Laxmen Baffle UNH, 12-7; Forbush Scores Three
They growled and clawed more than a little bit at the beginning. A few of them, most notably head coach Ted Garber, were still snapping and snarling right down to the end. But for the most part the University of New Hampshire Wildcats proved pretty easy to tame.
The Harvard men's lacrosse team, certainly no Gunther Gable-Williams on this season's college lax circuit, put the whips and stools to a confused but hard-shooting UNH squad yesterday, 12-7, at the Business School Field.
Attack Norm Forbush, continuing his strong rebound from an early season shoulder separation, knocked in three goals to lead eight Crimson scoters, as the laxmen raised their record to 3-5. Co-captain Frank Prezioso, a defenseman on the offensive, and freshman middie Jamie Wright added two goals apiece for Harvard.
Three stars should also go to the Crimson defense, especially its anchor. All-American Haywood Miller, for harassing the Wildcat forwards relentlessly, forcing repeated errors.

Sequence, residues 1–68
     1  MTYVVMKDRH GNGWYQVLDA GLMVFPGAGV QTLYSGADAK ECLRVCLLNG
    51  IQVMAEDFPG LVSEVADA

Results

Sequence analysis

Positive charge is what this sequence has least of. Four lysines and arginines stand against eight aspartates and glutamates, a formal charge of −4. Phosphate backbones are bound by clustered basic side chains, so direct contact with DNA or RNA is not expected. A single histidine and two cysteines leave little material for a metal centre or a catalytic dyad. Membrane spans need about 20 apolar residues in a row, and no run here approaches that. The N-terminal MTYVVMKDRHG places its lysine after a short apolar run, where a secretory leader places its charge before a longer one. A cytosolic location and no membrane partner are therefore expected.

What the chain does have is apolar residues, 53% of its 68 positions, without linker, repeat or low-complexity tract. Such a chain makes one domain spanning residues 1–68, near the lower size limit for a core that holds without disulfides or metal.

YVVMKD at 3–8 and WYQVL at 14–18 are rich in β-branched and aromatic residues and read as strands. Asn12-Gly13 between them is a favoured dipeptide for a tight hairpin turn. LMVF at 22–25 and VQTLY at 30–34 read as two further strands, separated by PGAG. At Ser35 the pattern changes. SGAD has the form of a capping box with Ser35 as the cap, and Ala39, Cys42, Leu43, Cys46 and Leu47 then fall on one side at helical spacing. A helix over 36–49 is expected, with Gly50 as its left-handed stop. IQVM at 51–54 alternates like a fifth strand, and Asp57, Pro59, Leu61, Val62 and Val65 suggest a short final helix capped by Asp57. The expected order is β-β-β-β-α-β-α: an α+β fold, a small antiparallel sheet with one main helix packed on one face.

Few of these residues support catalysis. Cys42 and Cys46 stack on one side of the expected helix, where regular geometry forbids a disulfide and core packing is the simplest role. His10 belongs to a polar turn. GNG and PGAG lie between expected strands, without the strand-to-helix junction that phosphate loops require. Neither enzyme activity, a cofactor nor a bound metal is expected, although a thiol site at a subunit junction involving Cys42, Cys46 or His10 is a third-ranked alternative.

"The defensive stickwork was continually creating fast breaks for us." Crimson coach Bob Scalise said after the game. "Haywood controlled his man totally--he ate him up." A majority of the Harvard goals resulted from defensively created opportunities, including an almost picture-perfect fast break tally at the 12:58 mark of the opening period.
Crimson middle Bobby Burr picked up a loose ball that the defense had knocked away and carried it over the midfield line. Burr then launched an arching lead pass to middle Vic Kazanjian, who made a reaching catch without breaking stride. Kazanjian raced toward the Wild at net, but dumped the ball off to a railing Forbush, and before UNH goalie E I Schwab could properly introduce himself, the ball was in the net behind him.
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In the meantime, UNH coach Garber was busy trying to bring his team back from the twilight zone. The Wildcats were offsides too many times to count, although the official's only noticed about half of the infractions. Still, half of too many is a lot, especially since offsides has been a rare call in Harvard games so far this season.
The Wildcats broke up the monotony of offsides by alternating having too many men and not enough men on the field at one time. During the confusion. Harvard turned a four-all first quarter tie into an 8-5 halftime lead, and never looked back from then on.
Garber's troubles mounted after he thought he'd caught the Crimson with its guard down. Or rather, with its strings long. The UNH coach accused Harvard defender Eric Mendelman of having more than the allowed two inches of extra cord protruding from his stick. But the referees checked it out and said the stick was okay.
It's a good thing the ref didn't see the scissors.